“Radiation and Man” published by the Canadian Nuclear Association, 1972, p. 26

Radiation and man by the Canadian Nuclear Association, 1972, p. 26. Scanned and made available online by Ethan Persoff.

I first spotted this diagrammatic of a nuclear power plant via Modcult.

• • •

I remember I first heard about what would soon be known as the Tōhoku earthquake early in the day on Friday March 11, 2011. Pictures and video of the catastrophe were already spreading fast on the Internet. On the evening of the next day, I started getting confusing news about a “meltdown” occurring at one of Japan nuclear power plants. I briefly had access to FOX News: the coverage was disconcerting. The so-called “experts” analysis were by times hysterical. Most news source were repeating the same information: mainly that there was seldom information available.
Although it is well known today that the core of three nuclear reactors at the Fukushima Daiichi Nuclear Power Plant complex suffered a partial or total meltdown, this information was not immediately available on the days following the earthquake (it took more than a month for the situation to be re-classified from a level 4 to a level 7 event on the International Nuclear Event Scale).
In order to get accurate and reliable information about the incident in the earlier days of the disaster, one had to rely on other sources and channels than the ones usually provided by mainstream media. Bellum, a blog affiliated with The Stanford Review quickly issued some advice regarding the ways by which the crisis should be assessed:

  1. Ignore ambiguous statements from Japanese government officials. Pay attention to specific facts they provide because those will be verifiable in the future and will not be provided lightly.
  2. Presume the headlines are deceptive. Do not trust paraphrasing.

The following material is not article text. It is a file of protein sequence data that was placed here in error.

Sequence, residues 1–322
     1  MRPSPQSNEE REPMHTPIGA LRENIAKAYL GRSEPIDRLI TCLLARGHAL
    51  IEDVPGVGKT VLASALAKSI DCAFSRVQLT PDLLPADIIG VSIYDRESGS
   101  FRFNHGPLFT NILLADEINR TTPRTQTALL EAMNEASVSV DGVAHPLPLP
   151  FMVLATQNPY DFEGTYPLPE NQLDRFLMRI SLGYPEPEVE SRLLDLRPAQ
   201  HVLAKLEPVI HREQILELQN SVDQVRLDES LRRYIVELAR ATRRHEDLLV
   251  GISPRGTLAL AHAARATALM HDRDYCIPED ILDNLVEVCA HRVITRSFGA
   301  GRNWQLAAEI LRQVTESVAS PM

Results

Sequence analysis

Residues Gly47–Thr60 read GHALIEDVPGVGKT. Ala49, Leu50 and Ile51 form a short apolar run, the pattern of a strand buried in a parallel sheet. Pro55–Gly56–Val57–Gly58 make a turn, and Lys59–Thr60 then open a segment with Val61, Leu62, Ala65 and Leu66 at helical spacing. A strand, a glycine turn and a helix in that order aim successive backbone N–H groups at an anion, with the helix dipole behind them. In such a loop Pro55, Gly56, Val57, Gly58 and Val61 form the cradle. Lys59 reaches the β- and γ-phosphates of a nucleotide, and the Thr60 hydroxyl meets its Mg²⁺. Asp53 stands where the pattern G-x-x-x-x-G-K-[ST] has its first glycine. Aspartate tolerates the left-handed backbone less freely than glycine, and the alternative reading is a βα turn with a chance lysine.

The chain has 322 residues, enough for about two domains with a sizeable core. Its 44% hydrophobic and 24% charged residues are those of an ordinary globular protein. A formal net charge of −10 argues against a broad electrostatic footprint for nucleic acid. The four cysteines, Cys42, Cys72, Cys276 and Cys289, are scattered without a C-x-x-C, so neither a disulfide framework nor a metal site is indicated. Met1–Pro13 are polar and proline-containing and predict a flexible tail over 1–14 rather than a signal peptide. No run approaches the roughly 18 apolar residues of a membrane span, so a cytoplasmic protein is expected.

3. Treat with skepticism any pronouncement from a “nuclear energy expert” if he/she is affiliated with an advocacy or agenda-driven organization.
  4. Most importantly, remember that very little information is actually known. Media organizations get scraps and tidbits, and these are recycled endlessly.

I spent the followings days trying to gather reliable facts from various official and unofficial sources. I especially remember the series of interviews geologist Evelyn Mervine (then a 5th-year PhD student in the MIT/Woods Hole Oceanographic Institution Joint Program) made with her father, Mark L. Mervine who was a nuclear engineer. The recording of those calm Skype conversations was more informative than the press releases made available by the Nuclear Energy Institute.
Below are all the entries I wrote on March and April 2011 regarding the Fukushima Daiichi nuclear disaster in particular and the Tōhoku earthquake in general.

The last entry was about a sequence in Akira Kurosawa’s Rashomon that seems to echo the distress of the Japanese population caught in the midst of an unprecedented catastrophe. It is reproduced below.

Rashomon by Akira Kurosawa, 1950
Four stills from the very beginning of Japanese filmmaker Akira Kurosawa's film Rashomon (1950).
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